Character, like many things, is something you instantaneously know when you see it. I was eight years old and growing up in a small, Midwestern town. We had a classic “old school” neighborhood grocery store about a block from my house. The Ole Store, named after the nearby college, St. Olaf, was over 100 years old with wooden floors, a small adjoining café, and the basic sundries that every family needed daily. The owner, a third generation Norwegian, proudly flew an American flag in front of the store every morning while he swept his sidewalk with the ferocity of an autumn tornado.
When my dad and I would walk by, he would always point out the humble, hardworking, and passionate store owner as someone of legendary character. “No matter how cold, how hot, or how windy, Mr. Lien is always flying the flag and always out there cleaning his store. His character, explained my dad, “is what and who you are when you are alone, cold, tired, and afraid.” Through conversations with my dad, I came to understand that character is the representation and essence of who you truly are when you are stripped of all possessions, money, status, and family name.
Over a decade later, in the woods of Fort Bragg, North Carolina, I was fortunate enough to have my character evaluated in the US Army Special Forces Assessment course. The Special Forces Assessment course is a 30-day continuous test of individual and team cognitive and physical skills to see if you have the passion to try and become a US Army Special Forces soldier, a Green Beret. The US Army Special Forces are one of the premier Special Operations Forces (SOF) both in the US Military and the world. Pass rates for the course are notoriously low and hover around 20%.
In the Special Forces Assessment, you run, sleep little, take tests, march cross country with 70 lb. packs, and work in ad hoc teams on unique problems such as how to move a telephone pole with some old tires and metal bars. In short, the purpose of Special Forces Assessment was to find and to reveal your true character. One of the key character revealing aspects of Special Forces Assessment was to take away everyone’s name and military rank. In military organizations your name and rank are everything, so the Special Forces completely remove it. Your dad is a General Officer? You went to Princeton? You have only been in the Army six months? None of your personal history matters: your name does not matter, and your rank does not matter. Special Forces want to see what you can do and who you are when you are stripped bare of your personal history and simply must perform relying on your skills and not your rank.
Once everyone loses their personal identification, the Special Forces’ Instructors march, freeze, heat, and exhaust candidates through continuous and unending series of individual and team events where you never know how well you need to perform to succeed. In most aspects of life, there is a scoring system. More touchdowns than the other team? You win. Get a 75 on an exam, you receive a “C” letter grade. In Special Forces Assessment, no one knows the standards of success. You must do your very best in every single event to receive a passing grade at Special Forces Assessment. Your only guide on every event, is to “do the best you can.” Once one event is done, the results are kept secret and you are on to the next event.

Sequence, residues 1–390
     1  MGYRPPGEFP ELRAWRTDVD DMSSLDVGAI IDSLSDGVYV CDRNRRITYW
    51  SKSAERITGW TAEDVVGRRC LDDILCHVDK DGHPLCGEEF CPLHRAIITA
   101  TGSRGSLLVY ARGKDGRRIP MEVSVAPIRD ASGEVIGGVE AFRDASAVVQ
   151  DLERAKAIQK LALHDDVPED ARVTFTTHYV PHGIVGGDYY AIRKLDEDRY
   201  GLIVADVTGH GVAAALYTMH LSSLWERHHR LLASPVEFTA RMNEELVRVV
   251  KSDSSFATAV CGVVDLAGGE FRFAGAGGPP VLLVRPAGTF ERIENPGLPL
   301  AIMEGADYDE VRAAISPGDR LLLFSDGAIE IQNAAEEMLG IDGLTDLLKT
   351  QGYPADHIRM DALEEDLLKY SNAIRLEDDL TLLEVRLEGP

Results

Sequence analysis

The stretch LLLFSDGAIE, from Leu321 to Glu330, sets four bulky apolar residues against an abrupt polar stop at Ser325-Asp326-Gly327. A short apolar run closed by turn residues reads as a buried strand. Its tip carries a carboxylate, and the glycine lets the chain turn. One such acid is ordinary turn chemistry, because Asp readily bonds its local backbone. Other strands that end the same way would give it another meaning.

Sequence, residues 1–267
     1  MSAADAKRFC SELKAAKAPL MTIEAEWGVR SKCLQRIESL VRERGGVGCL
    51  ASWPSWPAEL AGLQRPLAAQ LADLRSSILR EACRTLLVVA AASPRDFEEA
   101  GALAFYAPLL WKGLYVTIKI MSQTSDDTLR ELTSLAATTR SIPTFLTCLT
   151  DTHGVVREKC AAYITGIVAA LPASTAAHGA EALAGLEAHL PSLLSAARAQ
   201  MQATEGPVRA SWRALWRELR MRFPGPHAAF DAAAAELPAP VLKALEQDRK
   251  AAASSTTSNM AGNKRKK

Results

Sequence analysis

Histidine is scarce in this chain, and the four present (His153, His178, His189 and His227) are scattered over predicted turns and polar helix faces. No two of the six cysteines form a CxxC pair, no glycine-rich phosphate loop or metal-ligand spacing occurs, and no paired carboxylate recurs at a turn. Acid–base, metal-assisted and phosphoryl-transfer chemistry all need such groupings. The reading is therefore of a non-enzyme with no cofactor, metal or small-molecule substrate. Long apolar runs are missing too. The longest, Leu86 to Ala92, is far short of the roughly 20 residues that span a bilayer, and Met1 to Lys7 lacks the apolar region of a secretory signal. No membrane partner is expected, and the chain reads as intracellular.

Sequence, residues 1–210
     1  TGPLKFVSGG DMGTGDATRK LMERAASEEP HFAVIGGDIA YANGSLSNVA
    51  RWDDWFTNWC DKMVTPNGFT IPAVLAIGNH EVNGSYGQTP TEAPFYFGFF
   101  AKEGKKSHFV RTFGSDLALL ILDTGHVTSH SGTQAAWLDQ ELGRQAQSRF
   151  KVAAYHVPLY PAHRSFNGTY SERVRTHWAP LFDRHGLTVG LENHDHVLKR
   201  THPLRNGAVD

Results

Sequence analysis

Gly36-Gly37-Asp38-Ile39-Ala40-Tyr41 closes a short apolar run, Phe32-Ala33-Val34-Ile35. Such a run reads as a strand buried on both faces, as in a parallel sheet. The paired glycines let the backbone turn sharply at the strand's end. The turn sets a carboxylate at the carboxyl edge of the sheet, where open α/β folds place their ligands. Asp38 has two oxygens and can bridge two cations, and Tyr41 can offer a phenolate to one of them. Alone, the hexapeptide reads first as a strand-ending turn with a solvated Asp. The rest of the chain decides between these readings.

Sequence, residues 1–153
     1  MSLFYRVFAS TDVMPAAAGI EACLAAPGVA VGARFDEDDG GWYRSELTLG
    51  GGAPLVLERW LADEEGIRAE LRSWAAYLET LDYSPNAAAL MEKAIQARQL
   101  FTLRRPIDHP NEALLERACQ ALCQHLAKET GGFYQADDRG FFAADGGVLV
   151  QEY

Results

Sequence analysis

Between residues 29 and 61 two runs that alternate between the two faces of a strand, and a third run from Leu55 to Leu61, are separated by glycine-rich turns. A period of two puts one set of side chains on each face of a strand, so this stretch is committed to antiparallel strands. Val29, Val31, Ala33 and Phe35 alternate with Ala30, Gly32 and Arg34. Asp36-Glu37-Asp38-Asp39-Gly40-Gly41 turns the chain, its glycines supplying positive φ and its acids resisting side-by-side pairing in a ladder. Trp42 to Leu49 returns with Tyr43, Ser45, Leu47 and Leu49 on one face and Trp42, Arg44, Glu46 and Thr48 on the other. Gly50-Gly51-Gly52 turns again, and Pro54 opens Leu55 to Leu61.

Another aspect of Special Forces is a series of peer reviews where people you may not have known even three days ago are scoring and evaluating your fitness for a future within the Special Forces. The peer reviews are something entirely unique in the military where your performance and the opinion of your tired, sweaty, achy, hungry peers matter more than the rank and the ribbons on your chest. Special Forces believe that team comes before rank and every one member on a team, from the newest soldier to the oldest, is valuable.
The net effect of the combination of de-personalization, fatigue, hunger, unknown performance standards, and peer reviews make it impossible to hide from your true character. If you are selfish, do not help others, sleep too much, and do not share your food, then your true character has been revealed, and it is not what the Special Forces want. The Special Forces want individuals who can work alone or in teams, thrive helping others under the hardest conditions, and do not let ambiguity stand in their way of future success.
I was fortunate that my character matched what the Special Forces wanted. In the end, the entire purpose of Special Forces Assessment was to find out who I was. Marching through the cold, dark, rainy woods of North Carolina at 3:00 AM with an 80 lb. backpack and 10 miles from the nearest road, I was pulling myself through thorn bushes, and I had my character revealed. I decided to push forward for both my team and myself. In retrospect, it was not even a difficult decision, I knew that it was the right thing to do.
I will never be a millionaire and I will never be a celebrity. Every day, I see those with and without character. I, like so many others, chose to act and to teach character at every point in my day. Character is not confined to the Special Forces. Teachers, nurses, parents, business people, politicians, and so many others show their true character when they act for others, when they help others, and when they share and support each other. Character, like breathing, is something that we must do every second of every day. The nature of our character and how we act each day is the only possession that we can truly call our own.
No Replies to "Character is the Only Possession That is Truly Yours"